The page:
16 April 2009

Elizabeth Bishop - One Art

Elizabeth Bishop's poetry was not in the curriculum when I was taking my undergraduate degree. Except for her friendship with Robert Lowell, I remained ignorant of her until I read
Breathless, by Louise DeSalvo, a memoir of her own struggles with asthma, and an examination of how asthma affected herself and several literary figures.

I was fascinated, in a purely selfish way, since I am asthmatic, and I know how enervating the disease can be. What I had not thought about, until I read DeSalvo's book, was how the disease can affect the rhythms of one's creativity and art. If writing is like breathing, an asthmatic's phrases may be as acute and self-absorbed as one's precarious breath.

One of the ways DeSalvo began to cope with her extreme sensitivity to her asthma triggers was to rethink the pleasures she was forced to curtail. Eating in a restaurant, for example, became difficult when she never knew when someone's perfume, or a whiff of smoke would cause a fit of coughing and breathlessness. She and her husband learned to cook wonderful meals at home - creamy risottos, for example - and to enjoy the small actions of preparing a meal: chopping, rinsing, seasoning. She learned to focus on details that can enabled joy, and strengthened the close observation of her life -- and the subjects of her writing, her art.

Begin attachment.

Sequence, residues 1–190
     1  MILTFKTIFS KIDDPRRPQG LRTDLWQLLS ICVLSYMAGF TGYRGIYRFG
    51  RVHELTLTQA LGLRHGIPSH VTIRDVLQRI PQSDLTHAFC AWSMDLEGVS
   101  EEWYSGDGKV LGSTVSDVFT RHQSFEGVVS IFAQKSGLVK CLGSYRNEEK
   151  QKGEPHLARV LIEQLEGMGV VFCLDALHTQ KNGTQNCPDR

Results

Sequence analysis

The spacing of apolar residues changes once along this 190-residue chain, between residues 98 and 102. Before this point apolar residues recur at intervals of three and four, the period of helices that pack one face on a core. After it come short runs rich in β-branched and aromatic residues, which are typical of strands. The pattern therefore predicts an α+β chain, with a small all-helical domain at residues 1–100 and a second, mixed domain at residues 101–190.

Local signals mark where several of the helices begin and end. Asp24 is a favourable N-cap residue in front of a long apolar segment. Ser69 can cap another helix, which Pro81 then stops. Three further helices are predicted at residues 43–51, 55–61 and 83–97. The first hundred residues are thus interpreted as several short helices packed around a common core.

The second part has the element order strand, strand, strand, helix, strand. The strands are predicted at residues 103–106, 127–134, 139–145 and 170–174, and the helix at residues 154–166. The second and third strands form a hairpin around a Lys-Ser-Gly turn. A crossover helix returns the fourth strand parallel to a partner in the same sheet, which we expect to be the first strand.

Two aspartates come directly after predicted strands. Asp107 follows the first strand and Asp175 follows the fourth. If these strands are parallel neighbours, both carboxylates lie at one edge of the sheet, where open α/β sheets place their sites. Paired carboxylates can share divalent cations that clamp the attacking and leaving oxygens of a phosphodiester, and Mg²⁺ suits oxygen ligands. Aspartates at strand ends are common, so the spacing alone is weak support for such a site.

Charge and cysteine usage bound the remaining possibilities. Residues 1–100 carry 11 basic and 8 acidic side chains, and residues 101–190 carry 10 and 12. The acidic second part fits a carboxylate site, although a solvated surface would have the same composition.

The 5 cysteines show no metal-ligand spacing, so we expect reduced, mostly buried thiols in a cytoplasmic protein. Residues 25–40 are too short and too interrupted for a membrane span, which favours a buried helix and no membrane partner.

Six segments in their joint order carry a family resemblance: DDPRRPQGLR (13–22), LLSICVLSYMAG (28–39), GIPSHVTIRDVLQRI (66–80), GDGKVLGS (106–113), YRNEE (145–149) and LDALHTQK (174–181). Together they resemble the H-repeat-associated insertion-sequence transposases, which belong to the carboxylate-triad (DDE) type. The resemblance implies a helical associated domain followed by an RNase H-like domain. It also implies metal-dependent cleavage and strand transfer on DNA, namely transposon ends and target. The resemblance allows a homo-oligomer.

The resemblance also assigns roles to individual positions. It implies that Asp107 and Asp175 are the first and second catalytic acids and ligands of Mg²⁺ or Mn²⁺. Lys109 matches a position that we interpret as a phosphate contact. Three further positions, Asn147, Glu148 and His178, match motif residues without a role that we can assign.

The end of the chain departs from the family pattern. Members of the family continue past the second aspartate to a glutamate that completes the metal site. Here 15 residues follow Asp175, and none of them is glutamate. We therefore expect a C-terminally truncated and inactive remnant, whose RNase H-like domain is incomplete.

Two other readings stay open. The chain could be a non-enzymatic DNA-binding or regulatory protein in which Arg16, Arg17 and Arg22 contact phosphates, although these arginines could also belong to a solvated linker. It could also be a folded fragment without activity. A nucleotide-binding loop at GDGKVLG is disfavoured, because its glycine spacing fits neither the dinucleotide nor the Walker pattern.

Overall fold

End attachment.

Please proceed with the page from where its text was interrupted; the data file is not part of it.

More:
So, too with Elizabeth Bishop, whose writing now enables my own joy, and my own sense of proportion.

One Art
Elizabeth Bishop

The art of losing isn't hard to master;
so many things seem filled with the intent
to be lost that their loss is no disaster.

Lose something every day. Accept the fluster
of lost door keys, the hour badly spent.
The art of losing isn't hard to master.

Then practice losing farther, losing faster:
places, and names, and where it was you meant
to travel. None of these will bring disaster.

I lost my mother's watch. And look! my last, or
next-to-last, of three loved houses went.
The art of losing isn't hard to master.

I lost two cities, lovely ones. And, vaster,
some realms I owned, two rivers, a continent.
I miss them, but it wasn't a disaster.

--Even losing you (the joking voice, a gesture
I love) I shan't have lied. It's evident
the art of losing's not too hard to master.
though it may look like (Write it!) like disaster.


amy said...

That poem is one of my favorites.

Anonymous said...

That's so interesting. I'm asthmatic too. I'd never thought of how it could affect a writer, particularly a poet.

avisannschild said...

This sounds like an interesting book. Have you read DeSalvo's other memoir, Vertigo? I highly recommend it. I love love love that poem by Elizabeth Bishop! (I was already familiar with it.)

By the way, pop by my blog; I've given you an award!

Jennifer said...

What a thought filled poem, very good for meditating on.

Denise~ said...

Thanks for introducing me to Bishop and DeSavlo!

KSD said...


Paula said...

Perfect! Just what I needed today to pass along to my Sister!